Because of the holidays, I have been thinking recently about the act of gift giving and what we look for when considering a gift and what we hope for when receiving one. When searching for ideas, I often think of these questions: who is this person, what do they like, what is their taste and style, what would be useful for them, what would make them feel appreciated, loved or seen? To give in a truly thoughtful and personal way we usually need some knowledge of the receiver's preferences and how they define themselves, hence their projected identity. Similarly, when the exchange is reversed and we're tearing open that carefully wrapped box and anticipating the exciting moment of opening it, revealing its contents, I think we want a present that makes us feel understood or reflects our needs or tastes.
I also think that the holiday's can get mired in the culture of consumerism, and that we simply crave getting more stuff to add to our collection of existing stuff. We place a lot of importance on outward symbols of identity and our attachment to objects and things that we believe communicate who we are. But just like a hair style or outfit can only communicate who we are to a limited degree - that is, how we like to appear to others - a product that was self-bought or gifted will only ever tell the story of material identity that exists on the surface in the physical plane. We are so much more than this.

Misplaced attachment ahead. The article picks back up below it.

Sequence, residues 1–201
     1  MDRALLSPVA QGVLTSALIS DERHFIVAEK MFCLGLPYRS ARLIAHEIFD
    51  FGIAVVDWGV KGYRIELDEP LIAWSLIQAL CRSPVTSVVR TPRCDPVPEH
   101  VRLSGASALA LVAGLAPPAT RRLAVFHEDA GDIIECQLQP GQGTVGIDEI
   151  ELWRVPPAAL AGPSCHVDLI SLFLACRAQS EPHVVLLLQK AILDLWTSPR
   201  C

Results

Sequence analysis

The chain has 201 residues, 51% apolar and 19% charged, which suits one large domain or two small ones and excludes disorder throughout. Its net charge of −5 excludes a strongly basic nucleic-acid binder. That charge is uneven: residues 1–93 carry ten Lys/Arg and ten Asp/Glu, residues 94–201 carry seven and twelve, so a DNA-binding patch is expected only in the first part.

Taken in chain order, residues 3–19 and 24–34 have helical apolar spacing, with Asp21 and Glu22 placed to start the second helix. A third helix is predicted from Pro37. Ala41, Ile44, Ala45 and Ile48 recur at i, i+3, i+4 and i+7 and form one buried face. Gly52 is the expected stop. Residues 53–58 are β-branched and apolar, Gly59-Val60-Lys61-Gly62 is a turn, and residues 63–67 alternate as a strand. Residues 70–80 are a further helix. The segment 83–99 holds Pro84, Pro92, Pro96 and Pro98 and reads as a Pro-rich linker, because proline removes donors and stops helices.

When we have a true collapse of our inner reality, the importance of that outer material stuff falls away. This reminds me of something I just read last night. While visiting family I found a copy of Suzanne Somers' new book about alternative cancer treatments and out of curiosity began reading it. Regardless of her controversial views about health and medicine and the star power she uses to promote them, I found the sections I read to be intelligent and compelling. In the chapter where she recounts her experience of being misdiagnosed with terminal full-body cancer and how it triggered a complete confrontation with her life and mortality, she writes that she had a moment of crystal clear clarity about what truly matters for and in each of us. "It's not who you are, it's not what you have, it's not where you live, it's not what you do, it's only, only about who you love, and who loves you. And the more you love, the better!" Yes, yes, and yes.
So to circle back to the beginning of this post, underneath the act of giving and receiving, as emphasized during the holidays, is the importance of relating to each other, including ourselves. Loving and relating to our self in an honest and pure and compassionate way is more important than our style or career or station in life or possessions. Likewise, our ability to connect and share with each other in an authentic and loving way trumps material gifting. And when you're faced with the collapse of your trusted reality (like your health) or identity, the only thing that truly matters is the love you have for yourself and others.